Noise, heat, the smell of oil . . . ‘that’s reel work’

Reel work . . . Regent Theatre projectionist Russell Campbell takes care of some maintenance on the theatre’s Simplex 35mm projector. PHOTO: JOHN LEWIS

Long hours and late nights in hot and sweaty conditions.

“That’s reel work,” film projectionist Russell Campbell jokes.

The 76-year-old is celebrating 60 years as a projectionist and cannot imagine being in any other job. In fact, he reckons his career choice was inevitable.

His mother and father met at a picture theatre in Invercargill – she was an usher and he was the relief manager of the theatre.

One thing led to another and a while later little Russell was born, and a few years after that, the family moved to Gisborne where Mr Campbell (senior) became the full-time manager of the King’s Theatre.

“At the time, we had a flat at the back of the theatre, and when you opened up the sliding doors in my bedroom, they went on to a concrete pad which lead to the back of the projection room.

“It was around 1950 that I saw my first projection room.

“When I went in there, the noise, the heat of the projectors, the smell of the oil, the soundtrack of the film and the colour on the screen action, and I thought wow. I was just bewildered.

“That’s where the seeds were sown.”

Thousands of film screenings later, he has just finished projecting the films in this year’s New Zealand International Film Festival at Dunedin’s Regent Theatre.

Mr Campbell started his projection apprenticeship in 1960, at Dunedin’s Embassy Theatre in Princes St.

He also worked at the St James Theatres in Dunedin and Gore, before getting a provisional licence to project films.

“At that time, I left Dunedin and went on a series of sojourns which became quite involved.”

He worked in small country town theatres around New Zealand which gave him a great opportunity to see the country.

Surprisingly, he did not get to see many films, despite having the best view in the house.

“When you’re winding and screening seven films a week, you don’t get to see anything.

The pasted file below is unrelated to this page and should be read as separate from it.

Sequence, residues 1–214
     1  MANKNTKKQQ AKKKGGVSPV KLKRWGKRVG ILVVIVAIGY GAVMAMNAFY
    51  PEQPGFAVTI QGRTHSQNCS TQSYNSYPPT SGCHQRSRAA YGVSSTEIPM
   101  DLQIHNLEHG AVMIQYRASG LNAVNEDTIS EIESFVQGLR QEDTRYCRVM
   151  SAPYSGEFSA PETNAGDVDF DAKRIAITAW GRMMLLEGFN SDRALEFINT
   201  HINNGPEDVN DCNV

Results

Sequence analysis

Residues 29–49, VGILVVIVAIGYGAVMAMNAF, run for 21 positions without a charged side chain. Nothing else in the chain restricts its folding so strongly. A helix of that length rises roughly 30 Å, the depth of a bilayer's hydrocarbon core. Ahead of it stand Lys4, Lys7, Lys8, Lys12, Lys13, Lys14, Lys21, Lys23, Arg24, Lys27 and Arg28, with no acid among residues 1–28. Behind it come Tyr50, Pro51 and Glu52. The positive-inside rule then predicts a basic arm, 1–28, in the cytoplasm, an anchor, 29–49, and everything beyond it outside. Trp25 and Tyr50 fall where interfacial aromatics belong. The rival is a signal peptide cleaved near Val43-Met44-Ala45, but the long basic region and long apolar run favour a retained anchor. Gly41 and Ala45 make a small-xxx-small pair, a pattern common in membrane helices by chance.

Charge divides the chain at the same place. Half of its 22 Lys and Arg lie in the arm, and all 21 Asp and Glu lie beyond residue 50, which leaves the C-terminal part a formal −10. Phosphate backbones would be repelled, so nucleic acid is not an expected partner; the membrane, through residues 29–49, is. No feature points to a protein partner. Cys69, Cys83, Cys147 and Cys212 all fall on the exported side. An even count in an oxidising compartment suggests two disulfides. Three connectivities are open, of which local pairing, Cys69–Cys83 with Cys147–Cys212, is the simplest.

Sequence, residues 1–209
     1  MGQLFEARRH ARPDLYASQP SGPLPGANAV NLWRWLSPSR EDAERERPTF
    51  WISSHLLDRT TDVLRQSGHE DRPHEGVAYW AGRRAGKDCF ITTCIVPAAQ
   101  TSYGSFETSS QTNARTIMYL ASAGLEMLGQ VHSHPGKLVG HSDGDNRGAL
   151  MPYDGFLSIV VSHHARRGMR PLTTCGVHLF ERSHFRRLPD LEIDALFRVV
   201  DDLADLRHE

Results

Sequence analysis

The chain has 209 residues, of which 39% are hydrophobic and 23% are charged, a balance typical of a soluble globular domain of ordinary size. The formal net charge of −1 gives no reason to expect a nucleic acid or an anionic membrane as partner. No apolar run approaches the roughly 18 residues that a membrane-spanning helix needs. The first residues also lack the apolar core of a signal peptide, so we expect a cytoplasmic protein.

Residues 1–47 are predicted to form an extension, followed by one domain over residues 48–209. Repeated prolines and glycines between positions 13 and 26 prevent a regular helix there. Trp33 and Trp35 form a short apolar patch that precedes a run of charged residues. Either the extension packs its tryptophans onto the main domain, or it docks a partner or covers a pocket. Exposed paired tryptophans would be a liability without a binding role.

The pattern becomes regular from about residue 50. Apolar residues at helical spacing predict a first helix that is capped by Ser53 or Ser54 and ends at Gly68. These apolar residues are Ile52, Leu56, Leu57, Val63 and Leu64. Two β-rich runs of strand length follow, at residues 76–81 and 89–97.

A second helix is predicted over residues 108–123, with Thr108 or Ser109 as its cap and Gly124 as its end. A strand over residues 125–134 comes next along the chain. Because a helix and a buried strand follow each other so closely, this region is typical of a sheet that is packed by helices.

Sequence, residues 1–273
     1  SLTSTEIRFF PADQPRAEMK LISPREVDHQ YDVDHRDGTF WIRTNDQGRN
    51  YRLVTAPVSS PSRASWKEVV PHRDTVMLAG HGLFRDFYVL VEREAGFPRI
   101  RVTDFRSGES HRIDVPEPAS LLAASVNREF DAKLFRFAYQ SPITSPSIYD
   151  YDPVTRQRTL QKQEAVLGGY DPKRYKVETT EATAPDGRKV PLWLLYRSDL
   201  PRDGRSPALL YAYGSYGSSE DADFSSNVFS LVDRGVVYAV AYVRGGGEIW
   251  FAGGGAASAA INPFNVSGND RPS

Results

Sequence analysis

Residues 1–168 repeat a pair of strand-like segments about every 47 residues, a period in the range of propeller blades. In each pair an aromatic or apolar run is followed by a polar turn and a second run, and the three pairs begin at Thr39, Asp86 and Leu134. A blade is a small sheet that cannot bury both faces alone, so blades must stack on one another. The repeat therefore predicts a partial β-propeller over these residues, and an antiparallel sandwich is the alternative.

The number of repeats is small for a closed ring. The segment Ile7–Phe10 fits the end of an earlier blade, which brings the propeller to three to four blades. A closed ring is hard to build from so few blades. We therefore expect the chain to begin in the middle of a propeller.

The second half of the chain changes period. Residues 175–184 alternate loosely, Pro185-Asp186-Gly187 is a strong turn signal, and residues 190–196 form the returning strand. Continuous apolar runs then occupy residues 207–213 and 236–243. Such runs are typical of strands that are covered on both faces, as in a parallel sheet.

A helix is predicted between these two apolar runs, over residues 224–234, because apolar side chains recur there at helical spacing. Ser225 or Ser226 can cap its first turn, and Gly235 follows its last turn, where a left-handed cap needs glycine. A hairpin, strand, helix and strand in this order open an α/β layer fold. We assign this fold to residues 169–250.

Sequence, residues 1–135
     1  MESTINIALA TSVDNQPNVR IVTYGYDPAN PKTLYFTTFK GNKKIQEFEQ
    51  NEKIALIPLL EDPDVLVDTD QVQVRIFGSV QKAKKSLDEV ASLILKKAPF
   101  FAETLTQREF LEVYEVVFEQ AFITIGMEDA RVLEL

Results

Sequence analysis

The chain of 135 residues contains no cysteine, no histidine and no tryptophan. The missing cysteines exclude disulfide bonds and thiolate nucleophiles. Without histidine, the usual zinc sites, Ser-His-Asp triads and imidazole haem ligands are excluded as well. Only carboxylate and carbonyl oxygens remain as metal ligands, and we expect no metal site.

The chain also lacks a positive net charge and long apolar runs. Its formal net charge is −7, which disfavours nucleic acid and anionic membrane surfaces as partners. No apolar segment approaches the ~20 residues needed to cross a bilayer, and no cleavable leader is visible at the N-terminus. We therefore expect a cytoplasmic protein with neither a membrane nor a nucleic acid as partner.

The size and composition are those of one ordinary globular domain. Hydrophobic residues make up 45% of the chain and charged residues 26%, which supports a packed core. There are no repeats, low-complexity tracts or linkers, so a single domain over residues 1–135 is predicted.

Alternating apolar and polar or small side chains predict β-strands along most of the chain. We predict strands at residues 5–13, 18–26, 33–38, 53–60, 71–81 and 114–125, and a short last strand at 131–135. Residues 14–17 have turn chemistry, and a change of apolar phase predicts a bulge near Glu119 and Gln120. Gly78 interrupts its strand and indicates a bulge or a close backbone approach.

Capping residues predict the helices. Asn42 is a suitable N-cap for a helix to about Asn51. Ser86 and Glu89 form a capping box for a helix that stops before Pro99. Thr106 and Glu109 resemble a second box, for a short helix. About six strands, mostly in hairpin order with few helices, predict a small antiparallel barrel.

“Everything just becomes another film. I could watch a film today, that I know I’ve screened, and it would be a completely novel experience for me.”

Fortunately, it was the mechanics of his job that he loved most.

Later, he gained his A-Grade Certificate and was able to work in the big city cinemas.

He spent seven years working at the Odeon in Christchurch before taking a job at the National Film Unit in Wellington.

“I didn’t realise that when I actually started at the Odeon in 1966 that it was the end of the heyday – the end of yje golden era, when everybody went to the pictures.

“Television had killed the movie theatre.”

Previously, going to the theatre was a whole-of-afternoon or whole-of-evening affair, he said.

There would be a series of short informative films, followed by an intermission and then the main feature film would be played.

“Now, it’s kind of like McDonald’s. You get one audience in, get them out quick and then get another one in.”

While there had been some changes to the experience for audiences, the greatest changes had taken place behind the scenes.

“Everything’s digital and on hard drives now.

“I think projection is becoming a lost art.”

A lot of theatres were now automated, he said.

For the past 25 years, Mr Campbell has been the projectionist at Dunedin’s Regent Theatre, and while he is semi-retired now, he still does projection work when the opportunity arises.

He said two of the highlights of his career at the Regent had been screening the Scarfies movie (because he also helped with the production of the film) and Charlie Chaplin’s Modern Times

“I was so lucky to be involved in both.”